Netflix and its CEO Reed Hastings have received a Wells notice and thus may face a U.S. Securities and Exchange Commission civil claim over a July Facebook post from Hastings saying that Netflix viewing “exceeded 1 billion hours” of videos in June. The post was widely reported, reblogged and tweeted and the company’s shares rose 6.2 percent that day, the stock’s biggest gain in almost six weeks.
The SEC’s Regulation FD, adopted in 2000, requires public companies to make full and fair public disclosure of material non-public information.
The company and Hastings claim that there is not violation because the Facebook post was not “material” information. Hastings also asserts that a “posting to over 200,000 people is very public, especially because many of my [Facebook] subscribers are reporters and bloggers.”
“The evolution of social media presents the SEC with some very interesting regulatory challenges. But if they’re worried about social media, there are ways for them to address that without threatening to sue Reed Hastings. They should have a rulemaking where they can ventilate these issues,” said Joseph Grundfest, former SEC commissioner and Stanford Law School professor. “This situation has nothing to do with the problems that Regulation FD was designed to address.”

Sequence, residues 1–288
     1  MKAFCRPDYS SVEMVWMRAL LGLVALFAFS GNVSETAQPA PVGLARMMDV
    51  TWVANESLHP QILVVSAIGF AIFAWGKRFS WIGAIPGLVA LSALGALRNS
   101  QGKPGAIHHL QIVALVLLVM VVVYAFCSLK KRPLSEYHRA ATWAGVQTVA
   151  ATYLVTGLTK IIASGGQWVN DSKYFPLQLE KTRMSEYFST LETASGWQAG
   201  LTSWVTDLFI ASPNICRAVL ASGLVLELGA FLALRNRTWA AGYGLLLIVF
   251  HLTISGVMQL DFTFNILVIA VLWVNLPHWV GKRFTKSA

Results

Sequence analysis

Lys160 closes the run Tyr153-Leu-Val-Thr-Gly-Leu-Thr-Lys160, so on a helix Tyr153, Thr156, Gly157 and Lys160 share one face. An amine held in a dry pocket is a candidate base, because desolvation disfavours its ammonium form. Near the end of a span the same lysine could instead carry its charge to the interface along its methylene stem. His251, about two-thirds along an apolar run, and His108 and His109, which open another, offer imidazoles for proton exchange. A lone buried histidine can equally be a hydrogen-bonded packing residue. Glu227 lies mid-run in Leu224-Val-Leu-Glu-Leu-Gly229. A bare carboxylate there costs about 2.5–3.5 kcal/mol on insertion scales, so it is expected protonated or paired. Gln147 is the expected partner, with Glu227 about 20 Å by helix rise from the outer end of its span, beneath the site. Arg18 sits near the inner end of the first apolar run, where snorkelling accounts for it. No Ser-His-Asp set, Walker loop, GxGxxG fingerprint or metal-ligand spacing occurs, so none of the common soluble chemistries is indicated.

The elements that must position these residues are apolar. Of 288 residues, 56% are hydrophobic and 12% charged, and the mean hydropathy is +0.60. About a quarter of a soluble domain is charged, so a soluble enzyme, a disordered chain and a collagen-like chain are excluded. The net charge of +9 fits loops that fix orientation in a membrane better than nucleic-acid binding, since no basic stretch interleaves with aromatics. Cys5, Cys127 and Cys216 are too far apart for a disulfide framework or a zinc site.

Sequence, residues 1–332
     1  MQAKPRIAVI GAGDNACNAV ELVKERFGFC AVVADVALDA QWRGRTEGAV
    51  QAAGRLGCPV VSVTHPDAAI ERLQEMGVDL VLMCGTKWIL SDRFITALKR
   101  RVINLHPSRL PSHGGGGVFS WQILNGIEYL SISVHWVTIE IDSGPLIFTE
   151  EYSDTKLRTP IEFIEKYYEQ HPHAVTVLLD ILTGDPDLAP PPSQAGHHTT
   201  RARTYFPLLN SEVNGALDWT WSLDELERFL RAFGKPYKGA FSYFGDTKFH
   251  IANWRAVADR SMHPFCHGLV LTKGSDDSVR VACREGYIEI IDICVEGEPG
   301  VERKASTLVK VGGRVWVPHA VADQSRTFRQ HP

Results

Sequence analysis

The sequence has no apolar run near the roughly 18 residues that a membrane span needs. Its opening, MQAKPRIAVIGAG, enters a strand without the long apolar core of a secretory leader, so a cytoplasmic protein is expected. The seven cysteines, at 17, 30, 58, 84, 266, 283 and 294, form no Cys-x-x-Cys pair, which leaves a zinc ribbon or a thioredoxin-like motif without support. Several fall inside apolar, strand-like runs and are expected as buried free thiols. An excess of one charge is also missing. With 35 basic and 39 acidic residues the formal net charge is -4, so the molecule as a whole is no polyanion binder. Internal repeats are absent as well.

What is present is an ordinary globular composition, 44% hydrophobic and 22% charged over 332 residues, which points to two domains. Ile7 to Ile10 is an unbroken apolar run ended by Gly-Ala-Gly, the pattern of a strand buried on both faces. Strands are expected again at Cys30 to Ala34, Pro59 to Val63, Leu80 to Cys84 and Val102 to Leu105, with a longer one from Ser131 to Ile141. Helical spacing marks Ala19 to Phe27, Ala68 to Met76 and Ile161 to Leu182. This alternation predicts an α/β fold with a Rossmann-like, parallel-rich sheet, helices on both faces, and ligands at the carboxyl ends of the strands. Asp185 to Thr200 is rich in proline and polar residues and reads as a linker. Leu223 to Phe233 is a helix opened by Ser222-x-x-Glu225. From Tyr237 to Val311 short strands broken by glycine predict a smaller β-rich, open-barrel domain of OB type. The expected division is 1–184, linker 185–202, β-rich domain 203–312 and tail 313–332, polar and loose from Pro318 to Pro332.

It shouldn’t be a surprise that and when regulatory authorities are behind the times and forced to play “catch-up.”
Since the internet has made it so much easier for any interested party to obtain information and since social media in the business world has become ubiquitous, more traditional methods of issuing news such as press release services are much less valuable and may even become obsolete (except perhaps as a mechanism to avoid this sort of regulatory violation). For example, after a prominent fight, the SEC now allows companies to disclose information such as earnings solely on their websites so long as they met certain criteria.
The Netflix alternative defense — that the information is not material — seems silly to me given the jump in the stock based on that “news.” That said, since the stock tanked once earnings were announced, those who bought on the post should probably not have taken the “news” so seriously. There’s a lesson in that too.
On the other hand, while the Facebook posting was sloppy (I highly doubt that company lawyers were involved), the post seems plenty “public” to me, especially given the extent of coverage it received via both traditional and social media. Netflix should perhaps have issued a joint press release and perhaps even a regulatory filing in the interest of extreme caution due to the lack of clear rules in this area — that’s the careful lawyer’s answer — but the SEC has got to recognize that social media has changed the game.
There is simply no reason to think that a press release and a regulatory filing would have provided more and better information to the public than the Facebook post.
Addendum: Brad Loncar has an excellent take on why the SEC’s action is bad policy here.